Joining YUVA as an intern was my first step into the job market. I did not quite know what to expect for what was supposed to be my big dive into the professional world. On the other hand, the corporate world I at least had some knowledge of, the non-profit world, felt like I had stumbled upon Narnia, scary, vast, and unexplored but exciting, nonetheless.
While I did have some informal experience in social work from the past occasional fundraising event in the past, working for a large NGO such as YUVA in a formal setting was a completely novel experience. My journey there was no less than an adventure. After suffering numerous rejections and endless ghosting by big corporations, I applied for an internship at YUVA on a whim, resigned to another rejection or worse, no reply at all. The shock I received after being contacted merely hours after sending my application for an interview left me reeling. I remained sceptical until the day of the interview, by the end of which I was so sure I’d already destroyed any chance at professional redemption due to my nervous disposition. I believed it was nothing short of a miracle when I was allowed to intern directly under the supervision of the executive director, Mr Krishna Athal.
Continue reading “My YUVA Internship Experience: I Came Out as a Better Person”
Non-profit organisations often face difficulties in their day-to-day operations. Be it a lack of staff or a tight budget due to lack of funding, non-profits have to navigate through several issues to keep the organisation running. However, thanks to modern technology, there are numerous apps available that aid and ease the operations of NGOs.
Though some are free while others are paid, they work just as effectively as human staff and sometimes even help in reducing operational costs. Some apps even offer special prices to NGOs. The following apps are among the highest rating apps for NGOs.
Continue reading “Top 5 Financial Mobile Apps that NGOs Should Use”
Finance is one of the most popular and sought-after career paths. With the attractive salaries and faster career growth opportunities it offers, the finance field does not lack aspiring professionals. Similarly, there is no lack of finance job openings in the private or public sector.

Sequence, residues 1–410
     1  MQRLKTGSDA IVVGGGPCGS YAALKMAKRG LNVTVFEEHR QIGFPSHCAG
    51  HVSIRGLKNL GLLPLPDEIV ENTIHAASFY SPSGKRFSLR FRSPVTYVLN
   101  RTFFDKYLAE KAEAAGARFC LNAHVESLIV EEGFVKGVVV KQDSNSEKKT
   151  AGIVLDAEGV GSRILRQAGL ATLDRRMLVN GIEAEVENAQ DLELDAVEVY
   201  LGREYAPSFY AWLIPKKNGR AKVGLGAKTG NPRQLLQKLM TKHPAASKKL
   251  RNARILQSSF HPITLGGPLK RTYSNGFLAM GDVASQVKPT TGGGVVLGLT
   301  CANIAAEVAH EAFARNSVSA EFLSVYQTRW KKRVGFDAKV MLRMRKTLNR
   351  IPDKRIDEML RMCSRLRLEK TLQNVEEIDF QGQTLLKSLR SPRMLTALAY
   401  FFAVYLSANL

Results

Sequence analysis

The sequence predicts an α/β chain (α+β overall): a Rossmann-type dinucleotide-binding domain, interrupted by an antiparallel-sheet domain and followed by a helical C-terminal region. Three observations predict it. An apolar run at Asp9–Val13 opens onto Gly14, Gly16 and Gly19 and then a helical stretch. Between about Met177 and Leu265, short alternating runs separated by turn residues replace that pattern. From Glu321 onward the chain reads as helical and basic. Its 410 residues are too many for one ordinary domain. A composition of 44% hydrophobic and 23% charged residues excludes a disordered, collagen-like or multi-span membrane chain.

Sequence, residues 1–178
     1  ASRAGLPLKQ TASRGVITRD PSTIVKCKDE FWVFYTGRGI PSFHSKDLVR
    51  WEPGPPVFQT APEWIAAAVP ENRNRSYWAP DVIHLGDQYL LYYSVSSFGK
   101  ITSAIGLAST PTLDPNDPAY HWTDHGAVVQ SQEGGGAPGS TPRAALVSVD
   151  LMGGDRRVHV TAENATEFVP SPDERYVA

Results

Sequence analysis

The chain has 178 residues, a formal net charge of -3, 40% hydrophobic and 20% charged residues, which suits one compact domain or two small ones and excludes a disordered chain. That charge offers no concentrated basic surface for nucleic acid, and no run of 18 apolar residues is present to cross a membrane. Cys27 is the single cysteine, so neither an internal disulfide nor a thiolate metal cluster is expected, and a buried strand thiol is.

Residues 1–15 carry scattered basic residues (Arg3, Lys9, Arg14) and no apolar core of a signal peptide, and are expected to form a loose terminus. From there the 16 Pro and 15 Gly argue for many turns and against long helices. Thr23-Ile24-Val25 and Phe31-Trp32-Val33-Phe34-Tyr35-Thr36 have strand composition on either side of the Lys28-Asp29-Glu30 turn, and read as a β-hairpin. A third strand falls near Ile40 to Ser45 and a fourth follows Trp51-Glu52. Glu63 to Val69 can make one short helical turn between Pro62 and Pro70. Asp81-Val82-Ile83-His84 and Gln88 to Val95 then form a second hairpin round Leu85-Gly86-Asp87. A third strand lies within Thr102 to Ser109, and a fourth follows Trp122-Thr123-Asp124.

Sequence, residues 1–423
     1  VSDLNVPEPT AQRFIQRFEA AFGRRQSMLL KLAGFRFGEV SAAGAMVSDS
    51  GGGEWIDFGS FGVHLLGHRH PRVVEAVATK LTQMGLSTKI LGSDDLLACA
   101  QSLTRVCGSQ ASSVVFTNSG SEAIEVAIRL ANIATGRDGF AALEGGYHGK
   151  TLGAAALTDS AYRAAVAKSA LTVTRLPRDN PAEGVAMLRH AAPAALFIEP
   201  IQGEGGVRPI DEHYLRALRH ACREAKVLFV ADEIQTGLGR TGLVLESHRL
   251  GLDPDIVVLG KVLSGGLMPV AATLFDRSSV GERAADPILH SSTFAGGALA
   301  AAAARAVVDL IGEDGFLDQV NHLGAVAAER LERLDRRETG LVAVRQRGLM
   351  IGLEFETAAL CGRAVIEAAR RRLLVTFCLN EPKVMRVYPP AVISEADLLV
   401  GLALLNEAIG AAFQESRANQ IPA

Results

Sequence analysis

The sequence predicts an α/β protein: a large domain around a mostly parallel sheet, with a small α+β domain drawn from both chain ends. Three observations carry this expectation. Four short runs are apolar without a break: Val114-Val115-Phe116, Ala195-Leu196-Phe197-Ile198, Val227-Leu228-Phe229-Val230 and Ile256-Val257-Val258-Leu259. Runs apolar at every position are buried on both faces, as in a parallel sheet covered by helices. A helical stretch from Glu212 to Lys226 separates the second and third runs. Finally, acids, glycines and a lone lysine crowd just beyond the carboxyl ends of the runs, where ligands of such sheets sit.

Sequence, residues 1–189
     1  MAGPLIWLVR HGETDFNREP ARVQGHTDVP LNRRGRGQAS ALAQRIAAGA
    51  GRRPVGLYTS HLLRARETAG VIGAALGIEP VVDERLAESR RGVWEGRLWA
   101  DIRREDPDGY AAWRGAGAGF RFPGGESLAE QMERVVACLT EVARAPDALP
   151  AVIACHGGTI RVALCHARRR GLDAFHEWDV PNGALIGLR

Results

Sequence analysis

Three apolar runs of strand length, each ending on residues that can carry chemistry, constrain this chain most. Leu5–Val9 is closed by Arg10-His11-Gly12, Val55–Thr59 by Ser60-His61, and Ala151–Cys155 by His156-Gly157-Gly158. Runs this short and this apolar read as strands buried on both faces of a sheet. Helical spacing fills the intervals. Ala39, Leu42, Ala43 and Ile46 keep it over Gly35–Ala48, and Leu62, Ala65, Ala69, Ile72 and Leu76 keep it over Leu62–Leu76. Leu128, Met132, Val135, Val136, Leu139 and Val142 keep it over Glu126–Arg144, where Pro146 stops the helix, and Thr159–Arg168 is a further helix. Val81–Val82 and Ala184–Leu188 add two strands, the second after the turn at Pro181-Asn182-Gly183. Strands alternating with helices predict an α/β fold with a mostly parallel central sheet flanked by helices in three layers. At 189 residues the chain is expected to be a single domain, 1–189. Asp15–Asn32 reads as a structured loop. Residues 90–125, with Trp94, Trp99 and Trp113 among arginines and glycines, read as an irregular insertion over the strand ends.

However, the newer generations have shown an inclination towards job fulfilment rather than financial benefits when choosing their careers. They seek more than just high salaries. Their job is an extension of their passion rather than just a way to earn money. Generations Y and Z notably hold a strong social conscience, having grown with the internet, a tool that allowed them access to understand and societal issues on a global scale. Unlike the older generations’ traditional belief to give back to society after reaching a certain level of wealth and a strong position of financial security, the younger generations believe in contributing towards society’s wellbeing through their work. We often see young graduates venturing into the non-profit sector rather than the private or public sector. Their drive to do good while earning a living pushes them towards a career in the non-profit sector.
Continue reading “A Career in the Non-Profit Sector for Finance People”
“The ‘financial framework’ is the term for the policies, procedures, regulations and standing orders we use to make sure we’re taking proper care of public money.” – Powys County Council
Similar to a business, it is imperative to establish a robust financial framework for an NGO. A financial framework provides an organised system that guides and supports the financial operations and structure of the organisation. It includes internal financial control mechanisms to prevent financial mismanagement such as misuse or theft of funds and assets, non-compliance of an organisation or government policies and regulations, and inaccurate financial reporting. NGOs also face several problems, including inadequate resources, lack of capacity building, lack of performance measurement instruments, and inefficient management. Setting up a proper financial framework will help resolve some, if not all, of them.
Continue reading “The One Thing All Successful NGOs Have in Common: A Robust Financial Framework”
Anne Frank once wrote, “No one has ever become poor by giving”. But to give, you need to have. Every organisation needs funding to operate. Like any organisation, NGOs need money to cover their costs- capital costs, operation costs, overhead costs, staff costs, etc. NGOs, in particular, depend primarily on grants and donations for survival.
What happens when the organisation runs out of money? Donations are made at random, and grants are often subjected to conditions. With a limited budget and uncertain cash inflow, NGOs often have to curtail their spending at the cost of quantity and quality of their work. Under these circumstances, NGOs find it difficult to plan for the long term and ensure the longevity of their humanitarian programmes. Preemptively, NGOs should develop a stable funding source and steadily achieve autonomy from donor funds and grants.
Continue reading “Tricks on How NGOs Can Survive Without Funding”